Indian global capability centres (GCC) and global innovation centres (GIC) have made use of the covid-19 pandemic to drive more business for their parent companies, said industry leaders at Mint’s CXO Dialogues webinar on Global Capability Centres: Future Re-imagined, Now.
India is home to around 1,700 GCCs/GICs, a massive 50% of all such centres globally. GCCs employ more than 1 million people in India, accounting for a fourth of the 4.3 million-strong tech employment base in the country, generating a total economic value of around $28.3 billion in 2019-20.
Covid has prompted global MNCs to reassess their business and tech preparedness, identify customer needs and implement innovative solutions to drive higher productivity. This is where GCCs are evolving from being centres of cost optimization to profit generators through the effective use of automation.
“We have been discussing ways to implement efficient cost models. Since the pandemic, we have businesses moving from developing countries to our India units as part of measures taken in those countries, generating additional work here. Also, measures to optimize these operations through automation is helping us deploy talent resources to core domain activities,” said Binoj Varghese, programme manager, Mercedes-Benz R&D.
According to Varghese, bots helped deliver more work at a minimum additional cost for the parent company, Daimler, which continues to be a driver for technology investments. The company saw a 30% increase in business shifting to the Indian GCC since the covid outbreak, which led to a spike in hiring requirements.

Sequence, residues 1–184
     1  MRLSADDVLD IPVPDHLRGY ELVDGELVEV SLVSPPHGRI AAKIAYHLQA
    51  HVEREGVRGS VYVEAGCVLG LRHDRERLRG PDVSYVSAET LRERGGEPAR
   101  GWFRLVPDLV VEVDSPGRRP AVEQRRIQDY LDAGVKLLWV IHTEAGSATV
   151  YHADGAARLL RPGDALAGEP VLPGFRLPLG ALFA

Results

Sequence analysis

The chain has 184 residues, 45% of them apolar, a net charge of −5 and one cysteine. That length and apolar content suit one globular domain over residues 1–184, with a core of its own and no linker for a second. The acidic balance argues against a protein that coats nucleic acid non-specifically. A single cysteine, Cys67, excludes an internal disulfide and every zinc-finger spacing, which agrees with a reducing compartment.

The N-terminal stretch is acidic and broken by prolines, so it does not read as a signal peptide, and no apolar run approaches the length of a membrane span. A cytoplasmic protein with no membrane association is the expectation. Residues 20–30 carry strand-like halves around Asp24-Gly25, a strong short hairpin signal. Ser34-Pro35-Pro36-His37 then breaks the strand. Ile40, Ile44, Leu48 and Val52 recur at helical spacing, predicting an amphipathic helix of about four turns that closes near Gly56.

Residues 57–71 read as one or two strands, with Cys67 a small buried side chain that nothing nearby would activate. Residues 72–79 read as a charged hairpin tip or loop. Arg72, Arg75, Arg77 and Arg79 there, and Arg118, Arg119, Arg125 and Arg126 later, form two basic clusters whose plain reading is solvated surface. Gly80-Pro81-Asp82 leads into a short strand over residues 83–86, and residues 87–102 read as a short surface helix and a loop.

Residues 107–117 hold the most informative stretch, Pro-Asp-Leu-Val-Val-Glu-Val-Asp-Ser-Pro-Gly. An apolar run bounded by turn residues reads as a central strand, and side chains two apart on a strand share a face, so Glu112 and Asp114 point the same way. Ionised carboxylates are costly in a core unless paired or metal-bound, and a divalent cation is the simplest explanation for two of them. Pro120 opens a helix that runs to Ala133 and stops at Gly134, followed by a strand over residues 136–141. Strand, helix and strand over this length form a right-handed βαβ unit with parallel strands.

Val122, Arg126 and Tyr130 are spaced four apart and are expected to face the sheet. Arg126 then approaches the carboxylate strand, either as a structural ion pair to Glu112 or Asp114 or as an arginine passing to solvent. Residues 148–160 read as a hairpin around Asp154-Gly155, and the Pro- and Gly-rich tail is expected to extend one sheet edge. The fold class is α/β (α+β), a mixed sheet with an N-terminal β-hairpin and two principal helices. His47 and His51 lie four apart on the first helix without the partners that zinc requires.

“GCCs were created for situations like these. Automation also increases the level of domain knowledge required from employees, creating better career opportunities,” said Anand Devanathan, director, IT, VMware.
In areas of sales and marketing, people with domain skills can be better utilized for building efficient automation models and better employment opportunities, said Devanathan. This, in turn, is shifting major innovation and decision-making capacities of their global businesses towards Indian GCCs.
While the captive business is volume-based with low margins, it is driven 80% by staff augmentation and 20% by managed projects. However, covid is rapidly changing traditional staffing models.
Manoj Jagani, head, robotic process automation, Sony India, said: “The offshore model centres around the volume of full-time equivalent resources that comprise a large share of costs. The pandemic reduced investment capacity of organizations, which impacted hiring capabilities as well as intention of people to switch organizations. Using robots to enable the existing full-time resources can significantly improve cost saving in addition to performing better work. So, the automation-enabled hybrid staff model is here to stay.”
He added that automation also helps businesses hire fewer employees with more well-rounded capabilities. Even at 50-60% expertise match, it is possible to hire people as the remaining capacity can be either groomed organically or automated. Further, a lot of HR processes across GCCs are automated, allowing the recruitment teams to also focus on better skill-building programmes.
“The pandemic has helped GICs realize which areas are ripe for automation due to either the mundane nature of the work or high level of repetition involved as they turn their attention on value-added work created now,” said Sumeet Pathak, digital workforce evangelist, IMEA, Automation Anywhere.
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